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Be aware of changes to the CDM regulations

For those of you like me who have been around the construction industry for a while, you are probably experiencing a sense of déjà vu as once again we await the publication of draft Construction (Design and Management) Regulations.

The Health and Safety Executive plans to publish the regulations in early January 2015 and for them to go live on 6 April following its consultation in the summer.

But what was wrong with CDM 2007 that we have had to go to all this trouble, time and cost to produce new regulations?

HSE’s research into the 2007 regulations drew some clear conclusions:

  • The industry views the regulations as still being too bureaucratic, having a heavy burdensome approach to the competence issue, particularly for small- and medium-sized enterprises (SMEs), and;
  • The pre-construction phase, in particular the “client adviser” role of the CDM co-ordinators, is not working as well as many had hoped.

Although there are good CDM co-ordinators operating in industry, the majority view of the industry is that they are not adding value. Some readers, particularly CDM co-ordinators, may take exception to this comment, but this view is difficult to overlook. In addition to the evaluation research, the Coalition Government’s “Red Tape Challenge” also put CDM in the spotlight – and not in a positive way.

Changes proposed to CDM 2015

  • To simplify the structure of the regulations
  • Replace the Approved Code of Practice with targeted guidance
  • Introduce the new role of “principal designer” in place of the CDM-C
  • Introduce the need to demonstrate specific skills and training rather than “competence”, the industry’s understanding of which is varied to say the least.

 

At the HSE board meeting in August it was decided that there will be a short, targeted approved code of practice that will reference both the industry guidance and HSE-produced “legal” series guidance.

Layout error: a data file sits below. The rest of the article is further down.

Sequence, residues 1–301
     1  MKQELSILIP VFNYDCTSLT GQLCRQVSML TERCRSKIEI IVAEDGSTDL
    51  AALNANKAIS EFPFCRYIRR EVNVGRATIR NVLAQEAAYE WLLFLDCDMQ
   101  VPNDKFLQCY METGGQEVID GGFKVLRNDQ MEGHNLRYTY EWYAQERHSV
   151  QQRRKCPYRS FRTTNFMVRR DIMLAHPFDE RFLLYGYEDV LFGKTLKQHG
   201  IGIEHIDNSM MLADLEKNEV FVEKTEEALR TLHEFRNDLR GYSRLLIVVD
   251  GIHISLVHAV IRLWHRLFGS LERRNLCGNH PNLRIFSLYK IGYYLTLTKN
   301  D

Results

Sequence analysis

CITB has been asked to take a central role with the production of the industry guidance, which will be written from an industry perspective to help the many SME companies who would, perhaps, be working under the requirements of the CDM regulations for the first time.

CITB, being viewed as an honest broker by both the HSE and industry, has been asked to co-ordinate and lead a steering group of industry health and safety experts to write guidance for the five new duty holders and an additional piece of guidance specifically for workers, who are not duty holders under CDM but are an important group in their own right.

A working group chair has been appointed for each duty holder group, client, principal designer, principal contractor, designer and contractor. Each can call on a network of experts from their sector to assist them in the drafting of guidance.

As the guidance is intended for the SMEs within the industry, CITB’s commitment is to make this guidance freely available via our own website as a pdf download. Care is also being taken to ensure that the guides are viewable on smartphones and tablets.

During the consultation period there was much discussion about dropping the word “competence”. As discussed in HSE Research document RR877, A Commentary on Routes to Competence in the Construction Sector, there are a number of problems in the way the industry has understood competence.

There is a strong suggestion that it would be helpful to move back to the building blocks of what makes a competent person. What this would mean in practice would be a focus on the skills that have been honed through experience and how they are supported by knowledge of the subject.

All of this has to be underpinned by solid training and support, and this is where CITB comes into its own.

CITB will, of course, keep the industry updated about the new CDM regulations and how they will affect thousands of people in SMEs across England, Scotland and Wales.      

Kevin Fear is head of environment and health and safety strategy at CITB.

Readers' comments (2)

  • It is an appalling misunderstanding if the CITB feels that some small SMEs may be working under the CDM Regulations for the first time.

    If they are carrying out construction, they have always been under the CDM Regulations, both 94 and 2007.

    What have they been doing for the last 20 years.

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  • Thanks Jim, you highlight a really important point that was difficult to bring out in a short article.

    While all construction work is currently subject to the CDM Regs ’07, most SMEs working for domestic clients or on non-notifiable projects either do not realise that CDM does apply or term this work “non-CDM”.

    The fact that sole traders, who only work for the domestic market, will now be required by law to plan and co-ordinate their work will be news to tens of thousands of companies. In practice, they will be “working” under CDM for the first time.

    Kevin Fear

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